"Come, come, Mr. Eld," said Fuller, "harmony!"
"Ah!" cried the earl, seizing gladly on the word. "Let us have a little harmony. Don't let our presence disturb your music. Mr. Eld is a local notability, Ferdinand. Mr. Eld speaks his mind to everybody. I'm afraid he's on the other side, and in that case you'll have many a tussle with him before you come to the hustings. Eh? That's so, isn't it, Eld? Eh? That's so?"
"Oh," said Sennacherib, with the slow local drawl, "we'll tek a bit of a wrastle now and again, I mek no manner of a doubt."
"And in the mean time," said his lordship, "let us start harmoniously. Give us a little music, Fuller. Go on just as if we were not here."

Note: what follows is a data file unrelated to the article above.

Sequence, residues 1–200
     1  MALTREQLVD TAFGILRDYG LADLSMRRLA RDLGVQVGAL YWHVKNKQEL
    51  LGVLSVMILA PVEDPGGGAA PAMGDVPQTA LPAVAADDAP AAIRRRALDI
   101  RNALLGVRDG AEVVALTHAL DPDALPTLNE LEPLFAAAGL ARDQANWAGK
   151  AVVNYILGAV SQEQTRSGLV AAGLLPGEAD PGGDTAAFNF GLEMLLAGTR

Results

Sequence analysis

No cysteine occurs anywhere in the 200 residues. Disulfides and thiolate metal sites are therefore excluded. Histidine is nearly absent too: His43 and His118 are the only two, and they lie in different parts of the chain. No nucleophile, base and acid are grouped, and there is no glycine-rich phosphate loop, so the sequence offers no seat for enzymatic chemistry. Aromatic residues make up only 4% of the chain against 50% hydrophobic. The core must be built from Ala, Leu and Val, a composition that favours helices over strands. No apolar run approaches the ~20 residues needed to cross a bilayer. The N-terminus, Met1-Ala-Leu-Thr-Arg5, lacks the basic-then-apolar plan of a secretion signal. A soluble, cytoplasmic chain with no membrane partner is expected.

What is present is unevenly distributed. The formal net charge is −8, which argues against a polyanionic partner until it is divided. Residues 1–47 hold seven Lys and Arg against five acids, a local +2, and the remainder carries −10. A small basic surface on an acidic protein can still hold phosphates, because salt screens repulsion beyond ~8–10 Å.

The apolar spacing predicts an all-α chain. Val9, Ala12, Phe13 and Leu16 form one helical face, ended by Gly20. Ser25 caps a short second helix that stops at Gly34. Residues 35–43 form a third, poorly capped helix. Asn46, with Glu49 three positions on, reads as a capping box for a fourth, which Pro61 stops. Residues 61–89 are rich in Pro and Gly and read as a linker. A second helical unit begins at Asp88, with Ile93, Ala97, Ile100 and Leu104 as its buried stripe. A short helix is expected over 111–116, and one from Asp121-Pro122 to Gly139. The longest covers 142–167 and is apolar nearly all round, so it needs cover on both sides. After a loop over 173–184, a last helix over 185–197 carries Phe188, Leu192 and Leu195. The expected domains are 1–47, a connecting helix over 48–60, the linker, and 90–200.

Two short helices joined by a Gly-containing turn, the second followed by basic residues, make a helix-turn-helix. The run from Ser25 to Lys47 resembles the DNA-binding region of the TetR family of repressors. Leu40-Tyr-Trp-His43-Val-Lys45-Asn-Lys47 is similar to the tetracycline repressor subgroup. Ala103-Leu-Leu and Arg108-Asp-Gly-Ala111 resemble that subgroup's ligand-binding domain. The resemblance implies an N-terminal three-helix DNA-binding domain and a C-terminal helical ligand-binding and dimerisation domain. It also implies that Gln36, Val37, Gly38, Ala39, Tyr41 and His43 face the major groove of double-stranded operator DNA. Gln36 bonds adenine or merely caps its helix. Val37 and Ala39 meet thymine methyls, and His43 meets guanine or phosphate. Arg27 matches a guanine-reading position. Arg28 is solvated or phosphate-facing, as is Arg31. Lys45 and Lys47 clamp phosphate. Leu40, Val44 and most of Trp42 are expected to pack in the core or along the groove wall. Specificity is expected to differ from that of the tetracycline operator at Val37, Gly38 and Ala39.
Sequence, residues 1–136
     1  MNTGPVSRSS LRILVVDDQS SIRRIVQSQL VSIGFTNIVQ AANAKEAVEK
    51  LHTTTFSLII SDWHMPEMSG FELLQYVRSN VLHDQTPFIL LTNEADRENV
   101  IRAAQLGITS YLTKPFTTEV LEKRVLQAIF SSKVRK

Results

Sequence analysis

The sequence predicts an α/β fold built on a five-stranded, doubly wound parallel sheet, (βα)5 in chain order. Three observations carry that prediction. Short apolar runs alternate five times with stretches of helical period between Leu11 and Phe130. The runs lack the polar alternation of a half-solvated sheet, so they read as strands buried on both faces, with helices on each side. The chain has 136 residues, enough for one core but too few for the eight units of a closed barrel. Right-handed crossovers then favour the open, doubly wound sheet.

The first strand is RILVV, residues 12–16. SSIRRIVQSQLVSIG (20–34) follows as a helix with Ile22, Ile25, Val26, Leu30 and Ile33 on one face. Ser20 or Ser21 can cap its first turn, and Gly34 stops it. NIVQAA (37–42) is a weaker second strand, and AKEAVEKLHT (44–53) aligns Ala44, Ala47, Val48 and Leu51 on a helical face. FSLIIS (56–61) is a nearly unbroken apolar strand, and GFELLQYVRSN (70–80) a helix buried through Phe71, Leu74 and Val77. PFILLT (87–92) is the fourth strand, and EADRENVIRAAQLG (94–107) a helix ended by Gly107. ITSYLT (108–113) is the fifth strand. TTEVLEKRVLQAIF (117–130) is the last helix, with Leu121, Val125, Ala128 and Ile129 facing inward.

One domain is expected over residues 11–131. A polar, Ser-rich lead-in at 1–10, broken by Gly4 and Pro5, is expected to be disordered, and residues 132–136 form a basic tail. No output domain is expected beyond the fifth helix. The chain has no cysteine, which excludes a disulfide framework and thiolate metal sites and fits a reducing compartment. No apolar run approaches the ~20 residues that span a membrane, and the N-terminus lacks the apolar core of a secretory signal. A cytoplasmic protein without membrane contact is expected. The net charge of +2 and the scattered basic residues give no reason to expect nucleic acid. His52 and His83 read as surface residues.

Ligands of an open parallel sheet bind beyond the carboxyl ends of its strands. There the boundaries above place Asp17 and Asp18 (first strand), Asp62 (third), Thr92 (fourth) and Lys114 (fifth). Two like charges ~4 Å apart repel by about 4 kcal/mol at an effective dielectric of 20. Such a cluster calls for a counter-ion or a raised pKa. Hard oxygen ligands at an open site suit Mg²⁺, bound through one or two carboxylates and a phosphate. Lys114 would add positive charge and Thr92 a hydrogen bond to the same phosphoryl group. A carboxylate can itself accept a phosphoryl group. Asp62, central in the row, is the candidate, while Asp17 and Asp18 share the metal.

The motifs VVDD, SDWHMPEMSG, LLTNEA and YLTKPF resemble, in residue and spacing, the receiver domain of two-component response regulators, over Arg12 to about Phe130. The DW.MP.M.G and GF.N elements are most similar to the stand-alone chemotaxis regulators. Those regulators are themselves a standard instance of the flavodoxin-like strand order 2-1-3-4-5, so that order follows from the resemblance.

"Ruth, my wench," said Fuller, "fetch his lordship a chair, and bring another for Mr.——-" He hung upon the Mr., searching to recall the name.
"Devil-a-care," suggested Sennacherib.
"De Blacquaire," said the earl, correcting him. "Mr. Ferdinand de Blacquaire."
The girl had already moved away, and Ferdinand, with an air in which criticism melted slowly into approval, watched her through his eye-glass. The only young man in the quartette party, Reuben Gold, eyed Ferdinand with a look in which criticism hardened into disapproval, and, turning away, fluttered the edges of the music sheets before him with the tip of his bow.
"Look here, lads," said Fuller, "we'll have a slap at that there sonata of B. Thoven's, eh?"